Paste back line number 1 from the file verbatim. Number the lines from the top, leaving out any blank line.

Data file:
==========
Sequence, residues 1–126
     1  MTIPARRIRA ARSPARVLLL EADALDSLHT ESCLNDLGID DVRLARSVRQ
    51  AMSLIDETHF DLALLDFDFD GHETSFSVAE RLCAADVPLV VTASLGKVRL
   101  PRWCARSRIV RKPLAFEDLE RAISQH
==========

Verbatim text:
Sequence, residues 1–126